Today 20 of Presqu’Isle’s original 16,000 acres, including the core of the c.1815 plantation, are open to the public as a historic park.
Open daily 10AM—5PM, April through October, for self-guided tours. A suggested donation of $10 helps to maintain the park.
Manor | Blacksmith shop | Slave quarters
Tours available by appointment. For more information email email@example.com or call us at 540.272.1071.
- Start on US-29 toward Remington
- Turn left on Freeman’s Ford Road if coming from the south (Culpeper/Charlottesville); right if from the north (Warrenton/Gainesville)
- Turn left onto Fox Groves Road (appx. 2mi off 29, start looking for the road once the yellow line in the road becomes a dotted line)
- Keep left at the fork in Fox Groves Road
- At the end of Fox Groves Road, proceed through the blue gates and over the bridge
- Drive 1.7mi down the private road, past the blue equipment shop and large Sukup bins
- Drive through the white posts and follow the parking signs
Presqu’Isle and the land around it are actively farmed, as they have been for over 200 years. Please be mindful of farm traffic that shares the road to the park.
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Manor House (c.1815)
With interior and exterior walls of brick, laid in flemish bond, Presqu’Isle’s Federal style manor house features four rooms and a wide center hallway on each floor, plus a full English basement. The four chimneys—serving 10 fireplaces—are uncommonly positioned on the front and rear facades, creating a mirror effect between the first floor parlors. While fires destroyed much of the manor’s eastern interiors, the western rooms retain much original detail—including plaster ceiling medallions and cornices, decorative woodwork and two leaded glass fanlights, and some window glass.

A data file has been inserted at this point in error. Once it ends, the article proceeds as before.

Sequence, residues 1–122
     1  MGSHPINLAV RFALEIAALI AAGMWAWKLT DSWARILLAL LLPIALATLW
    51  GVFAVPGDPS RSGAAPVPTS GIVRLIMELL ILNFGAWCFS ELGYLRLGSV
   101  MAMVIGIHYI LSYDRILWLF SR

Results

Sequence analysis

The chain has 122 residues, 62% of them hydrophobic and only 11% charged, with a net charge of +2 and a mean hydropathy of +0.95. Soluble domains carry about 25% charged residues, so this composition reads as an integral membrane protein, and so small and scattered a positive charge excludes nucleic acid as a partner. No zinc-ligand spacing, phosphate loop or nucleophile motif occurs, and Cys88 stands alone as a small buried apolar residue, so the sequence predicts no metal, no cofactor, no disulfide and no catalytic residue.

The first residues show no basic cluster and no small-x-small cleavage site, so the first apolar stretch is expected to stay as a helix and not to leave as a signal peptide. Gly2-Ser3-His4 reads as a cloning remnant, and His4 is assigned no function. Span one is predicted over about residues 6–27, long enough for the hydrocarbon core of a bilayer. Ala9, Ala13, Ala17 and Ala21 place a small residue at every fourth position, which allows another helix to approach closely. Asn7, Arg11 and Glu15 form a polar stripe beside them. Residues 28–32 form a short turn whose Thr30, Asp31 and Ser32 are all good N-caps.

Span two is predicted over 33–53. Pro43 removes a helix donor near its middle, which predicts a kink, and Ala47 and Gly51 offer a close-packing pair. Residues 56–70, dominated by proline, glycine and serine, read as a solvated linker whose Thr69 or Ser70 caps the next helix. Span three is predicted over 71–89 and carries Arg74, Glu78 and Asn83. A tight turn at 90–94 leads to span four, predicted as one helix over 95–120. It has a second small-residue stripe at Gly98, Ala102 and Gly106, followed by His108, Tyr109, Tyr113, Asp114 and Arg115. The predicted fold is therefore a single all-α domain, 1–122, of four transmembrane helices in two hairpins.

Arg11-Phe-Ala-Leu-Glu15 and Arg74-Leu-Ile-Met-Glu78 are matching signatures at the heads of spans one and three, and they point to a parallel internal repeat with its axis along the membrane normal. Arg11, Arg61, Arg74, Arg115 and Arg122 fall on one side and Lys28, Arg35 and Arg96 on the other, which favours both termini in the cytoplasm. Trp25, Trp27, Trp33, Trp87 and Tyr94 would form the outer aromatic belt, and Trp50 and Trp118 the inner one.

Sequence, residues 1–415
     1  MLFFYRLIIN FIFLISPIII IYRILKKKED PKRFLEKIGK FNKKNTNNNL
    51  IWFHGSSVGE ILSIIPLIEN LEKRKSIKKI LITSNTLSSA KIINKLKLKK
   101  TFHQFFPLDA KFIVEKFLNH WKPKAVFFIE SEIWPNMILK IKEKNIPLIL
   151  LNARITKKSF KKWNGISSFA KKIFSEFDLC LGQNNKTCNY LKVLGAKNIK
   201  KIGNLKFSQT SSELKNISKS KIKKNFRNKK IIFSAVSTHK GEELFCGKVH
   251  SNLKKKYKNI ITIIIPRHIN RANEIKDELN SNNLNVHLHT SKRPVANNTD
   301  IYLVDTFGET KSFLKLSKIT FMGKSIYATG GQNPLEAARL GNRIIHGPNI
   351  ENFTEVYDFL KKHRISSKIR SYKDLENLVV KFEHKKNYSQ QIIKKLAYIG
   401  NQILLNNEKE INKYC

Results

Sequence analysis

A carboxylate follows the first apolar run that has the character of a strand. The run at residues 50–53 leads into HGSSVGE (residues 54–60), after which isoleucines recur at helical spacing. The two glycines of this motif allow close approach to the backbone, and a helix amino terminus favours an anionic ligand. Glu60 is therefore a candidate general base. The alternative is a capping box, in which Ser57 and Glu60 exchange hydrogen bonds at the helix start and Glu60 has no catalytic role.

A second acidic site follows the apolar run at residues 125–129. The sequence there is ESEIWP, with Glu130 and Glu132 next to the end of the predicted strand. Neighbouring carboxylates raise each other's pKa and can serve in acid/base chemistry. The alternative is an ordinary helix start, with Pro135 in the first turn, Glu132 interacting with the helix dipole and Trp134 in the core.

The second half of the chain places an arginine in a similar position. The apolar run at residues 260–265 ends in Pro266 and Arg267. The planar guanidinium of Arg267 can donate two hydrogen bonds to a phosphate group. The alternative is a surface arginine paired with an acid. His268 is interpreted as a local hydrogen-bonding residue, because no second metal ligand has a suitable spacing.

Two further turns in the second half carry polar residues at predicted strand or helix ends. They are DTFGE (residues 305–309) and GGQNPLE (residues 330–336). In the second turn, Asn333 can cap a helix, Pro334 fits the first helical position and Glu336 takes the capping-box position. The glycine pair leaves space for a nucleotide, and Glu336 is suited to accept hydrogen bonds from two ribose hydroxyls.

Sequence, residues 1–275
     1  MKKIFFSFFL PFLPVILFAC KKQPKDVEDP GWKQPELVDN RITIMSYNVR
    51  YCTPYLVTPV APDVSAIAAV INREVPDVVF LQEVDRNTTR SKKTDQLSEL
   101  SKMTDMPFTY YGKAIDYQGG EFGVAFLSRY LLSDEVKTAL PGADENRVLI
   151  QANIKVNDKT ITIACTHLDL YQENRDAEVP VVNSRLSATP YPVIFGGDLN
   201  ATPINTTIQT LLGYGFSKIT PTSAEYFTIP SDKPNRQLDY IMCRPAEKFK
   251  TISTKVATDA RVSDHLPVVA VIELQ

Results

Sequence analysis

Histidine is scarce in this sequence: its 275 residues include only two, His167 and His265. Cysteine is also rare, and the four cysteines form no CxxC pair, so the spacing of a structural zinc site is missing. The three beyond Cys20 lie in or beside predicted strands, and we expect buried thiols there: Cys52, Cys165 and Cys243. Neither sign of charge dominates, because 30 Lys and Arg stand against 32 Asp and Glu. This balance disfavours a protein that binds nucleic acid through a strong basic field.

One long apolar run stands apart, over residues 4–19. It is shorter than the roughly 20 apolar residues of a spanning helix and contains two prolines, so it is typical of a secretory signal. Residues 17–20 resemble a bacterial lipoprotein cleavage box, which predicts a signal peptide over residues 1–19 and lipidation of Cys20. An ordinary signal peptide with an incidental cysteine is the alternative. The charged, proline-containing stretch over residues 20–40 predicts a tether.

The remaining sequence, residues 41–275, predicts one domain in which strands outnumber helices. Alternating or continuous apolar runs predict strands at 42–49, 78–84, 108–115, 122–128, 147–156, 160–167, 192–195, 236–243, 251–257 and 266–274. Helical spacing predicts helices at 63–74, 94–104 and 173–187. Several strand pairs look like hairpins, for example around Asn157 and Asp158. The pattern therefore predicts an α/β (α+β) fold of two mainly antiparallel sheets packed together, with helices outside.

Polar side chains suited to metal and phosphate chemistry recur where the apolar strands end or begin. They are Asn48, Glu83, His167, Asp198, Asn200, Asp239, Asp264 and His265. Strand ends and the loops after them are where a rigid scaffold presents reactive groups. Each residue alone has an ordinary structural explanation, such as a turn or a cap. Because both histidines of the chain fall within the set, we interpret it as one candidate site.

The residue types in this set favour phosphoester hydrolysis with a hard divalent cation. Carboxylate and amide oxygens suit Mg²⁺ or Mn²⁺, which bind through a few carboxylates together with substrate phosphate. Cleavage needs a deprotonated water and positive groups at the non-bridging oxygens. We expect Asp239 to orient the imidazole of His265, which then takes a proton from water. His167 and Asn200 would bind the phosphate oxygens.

Slave Quarters (c.1820)
These two duplexes were likely occupied by Presqu’Isle’s house servants. From emancipation until roughly 1980, they continued to house generations of farm and dairy workers. Unusually detailed, they are stylistically similar to the single quarters at Ben Venue plantation in neighboring Rappahannock County.
Click here to learn about The Heritage Project and our efforts to preserve and protect Presqu’Isle’s slave quarters.
Blacksmith Shop (c.1812)
Constructed of field stone and packed mud, the blacksmith shop is where much of Presqu’Isle’s building hardware and farming tools were forged.
Not sure how to find the park? Click here for directions.
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